Walking under an emerald canopy, you listen to the sounds of croaking tree frogs enshrouded by mighty basket ferns and catch a flash of color from the chattering birds overhead. Giant fan palms shade you from the heat of the sun, and the air is filled with the intoxicating smells of jungle flowers. Making your way past tangles of tree roots and trailing vines, your curiosity is peaked by a musky rat-kangaroo foraging for fruits and fungi on the forest floor. Continuing, you come upon a silvery waterfall, its cooling mists a welcome respite.

This tropical Eden has existed for 165 million years, and every sense is awakened as you pay homage to this ancient realm. You are in the Daintree Rainforest—the oldest lowland rainforest on Earth.

Boyd's Forest Dragon in the Daintree

Boyd’s Forest Dragon, an arboreal agamid lizard found in the Wet Tropics of Queensland World Heritage Area, which Daintree National Park is a part of.

The rainforest meets the reef on the coast of the Coral Sea. Here, two UNESCO World Heritage Sites converge: the Great Barrier Reef and Daintree National Park. This pristine area is highlighted on Nat Hab’s Ultimate Australia Safari. Leaving white sand beaches behind, travelers will ferry across the Daintree River, perhaps catching a glimpse of a saltwater crocodile, before arriving at a secluded ecolodge in the heart of the lush jungle.

Fan palms in the Daintree Rainforest

Cooling fan palms protect hikers from the sun’s rays in the Daintree Rainforest.


Multi-colored orchids bloom and ancient ferns abound in the Daintree Rainforest. A walk through the verdant jungle evokes a sense of being transported through time to the Jurassic and Cretaceous periods when dinosaurs roamed the Earth. David Attenborough had this line of thinking when he described the prehistoric plant life here as ‘Green Dinosaurs.’

Exotic fruits range from the pink and pear-shaped satinash, eaten by musky rat-kangaroos, to snow ginger and blue quandongs, favored by southern cassowaries. Perhaps the most famous species is the idiot fruit, one of the planet’s most primitive flowering plants, seen in fossils 88 million years old. Highly poisonous to all animals, the idiot fruits’ only seed dispersal method is gravity.

Hiking past huge fronds of king ferns, Nat Hab travelers explore the rainforest on guided excursions. There’s also an opportunity to visit the Botanical Ark, a conservation-driven ethno-botanical garden, to learn about rainforest plants that indigenous cultures from more than 40 countries use for food, shelter, medicine, cosmetics, fibers, oils and dyes.

Lumholtz's tree-kangaroo

Lumholtz’s tree kangaroos are a rare sight in the rainforest canopy.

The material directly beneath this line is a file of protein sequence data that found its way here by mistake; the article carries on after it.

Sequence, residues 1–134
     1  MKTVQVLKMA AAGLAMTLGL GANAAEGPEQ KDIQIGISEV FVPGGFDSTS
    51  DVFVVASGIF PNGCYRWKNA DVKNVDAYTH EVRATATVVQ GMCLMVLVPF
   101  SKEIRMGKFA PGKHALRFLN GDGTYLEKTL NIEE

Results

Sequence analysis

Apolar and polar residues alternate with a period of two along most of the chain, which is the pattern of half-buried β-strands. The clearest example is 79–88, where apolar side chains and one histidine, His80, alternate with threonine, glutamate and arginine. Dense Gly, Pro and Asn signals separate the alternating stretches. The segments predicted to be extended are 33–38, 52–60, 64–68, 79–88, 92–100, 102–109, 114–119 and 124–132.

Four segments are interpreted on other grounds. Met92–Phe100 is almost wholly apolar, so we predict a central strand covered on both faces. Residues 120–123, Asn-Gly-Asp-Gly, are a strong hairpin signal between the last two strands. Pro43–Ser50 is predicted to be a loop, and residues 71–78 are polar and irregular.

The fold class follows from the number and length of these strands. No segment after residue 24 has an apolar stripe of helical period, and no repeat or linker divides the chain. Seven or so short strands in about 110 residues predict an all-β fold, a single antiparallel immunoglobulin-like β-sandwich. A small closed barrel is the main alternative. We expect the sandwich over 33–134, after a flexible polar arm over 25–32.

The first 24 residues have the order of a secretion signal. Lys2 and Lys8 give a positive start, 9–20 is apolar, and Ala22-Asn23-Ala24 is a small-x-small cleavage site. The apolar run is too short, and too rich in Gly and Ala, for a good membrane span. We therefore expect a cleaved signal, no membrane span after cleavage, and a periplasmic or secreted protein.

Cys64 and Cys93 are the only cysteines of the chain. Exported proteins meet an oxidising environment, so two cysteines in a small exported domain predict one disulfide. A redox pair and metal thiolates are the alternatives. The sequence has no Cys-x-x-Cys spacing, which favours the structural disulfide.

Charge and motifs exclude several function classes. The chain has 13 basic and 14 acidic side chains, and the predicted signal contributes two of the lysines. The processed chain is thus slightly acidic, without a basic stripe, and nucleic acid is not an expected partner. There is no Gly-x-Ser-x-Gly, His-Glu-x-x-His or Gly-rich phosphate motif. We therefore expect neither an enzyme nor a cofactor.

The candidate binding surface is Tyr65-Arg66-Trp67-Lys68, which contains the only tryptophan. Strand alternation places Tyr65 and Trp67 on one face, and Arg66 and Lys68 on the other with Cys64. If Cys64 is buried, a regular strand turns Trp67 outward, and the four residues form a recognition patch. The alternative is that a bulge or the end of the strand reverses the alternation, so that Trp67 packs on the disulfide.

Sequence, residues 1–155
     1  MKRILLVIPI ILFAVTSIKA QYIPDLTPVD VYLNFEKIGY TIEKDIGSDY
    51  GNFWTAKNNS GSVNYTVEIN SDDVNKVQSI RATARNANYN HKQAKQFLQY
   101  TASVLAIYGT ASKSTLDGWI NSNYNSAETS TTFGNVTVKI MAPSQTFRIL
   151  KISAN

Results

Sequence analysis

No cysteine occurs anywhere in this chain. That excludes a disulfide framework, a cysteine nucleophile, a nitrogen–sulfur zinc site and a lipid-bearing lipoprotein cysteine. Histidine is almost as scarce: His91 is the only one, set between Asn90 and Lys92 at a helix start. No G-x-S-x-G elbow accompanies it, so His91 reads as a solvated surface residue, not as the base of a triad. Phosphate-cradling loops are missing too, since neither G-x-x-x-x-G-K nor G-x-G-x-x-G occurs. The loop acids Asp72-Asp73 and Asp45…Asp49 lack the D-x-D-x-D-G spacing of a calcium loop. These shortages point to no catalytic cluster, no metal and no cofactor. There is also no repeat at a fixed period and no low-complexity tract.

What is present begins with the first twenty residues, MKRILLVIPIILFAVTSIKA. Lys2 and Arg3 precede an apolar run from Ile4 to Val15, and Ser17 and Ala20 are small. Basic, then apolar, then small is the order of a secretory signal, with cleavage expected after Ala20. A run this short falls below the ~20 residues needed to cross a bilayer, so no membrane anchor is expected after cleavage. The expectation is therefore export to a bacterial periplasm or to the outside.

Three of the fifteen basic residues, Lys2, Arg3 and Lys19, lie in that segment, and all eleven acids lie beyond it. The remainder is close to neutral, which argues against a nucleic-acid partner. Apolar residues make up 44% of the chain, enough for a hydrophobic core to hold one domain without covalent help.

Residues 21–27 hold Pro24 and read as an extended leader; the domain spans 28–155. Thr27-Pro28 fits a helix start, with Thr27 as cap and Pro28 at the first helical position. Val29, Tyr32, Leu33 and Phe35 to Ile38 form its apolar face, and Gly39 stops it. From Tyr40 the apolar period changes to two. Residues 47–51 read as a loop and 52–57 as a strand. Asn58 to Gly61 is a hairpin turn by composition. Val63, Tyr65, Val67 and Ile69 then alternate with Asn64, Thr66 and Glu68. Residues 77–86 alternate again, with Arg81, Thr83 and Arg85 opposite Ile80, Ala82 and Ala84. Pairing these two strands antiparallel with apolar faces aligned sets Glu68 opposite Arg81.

This remote region is home to a stunning array of biodiversity, accounting for 90% of Australia’s butterfly and bat species and 30% of Australia’s marsupial, frog and reptile species. Lumholtz’s and Bennett’s tree kangaroos are seldom seen, but a lucky few may spot them munching on leaves in the upper canopy. Like these rare tree kangaroos, there are many endemic species found only in the Daintree.

Bandicoots and long-tailed pygmy possums roam the forest at night. By day, echidnas seek out tasty termites, and endangered southern cassowaries feed on exotic fruits. These flightless birds with distinctive blue faces and necks can be traced back to the time of Gondwana. On an early morning boat expedition, nature photographers are in for a treat as Nat Hab naturalist guides point out some of the Daintree’s 430 bird species, including lovely fairywrens, yellow-spotted honeyeaters, golden bowerbirds, kingfishers and birds-of-paradise.

Mossman Gorge, a site of great importance to Aboriginal people.

Mossman Gorge in Daintree National Park is a site of great importance to the Indigenous Eastern Kuku Yalanji people.

Aboriginal Homeland

Rushing rivers run through gorges and old-growth rainforests drape the mountainsides for 460 square miles in Daintree National Park. This land is home to the Eastern Kuku Yalanji people, who have lived here for 50,000 years, and sacred sites are found throughout the region. Nat Hab travelers visit Mossman Gorge, a place of great significance, and have the special opportunity to learn more about traditional sustainable living during cultural encounters with Aboriginal people.

A cassowary searches for fallen fruit under the forest canopy.

An endangered cassowary searches for fallen fruit under the forest canopy. This keystone species is a seed disperser of more than 230 tropical plants and is the only bird capable of digesting the poisonous cassowary plum.

Feeling ready to venture into the jungle’s depths? Experience the wonders of this ‘Paradise Lost,’ snorkel the Great Barrier Reef, and head into the Outback on our Ultimate Australia Safari, a 21-day adventure that takes you to nature highlights of both North and South Australia!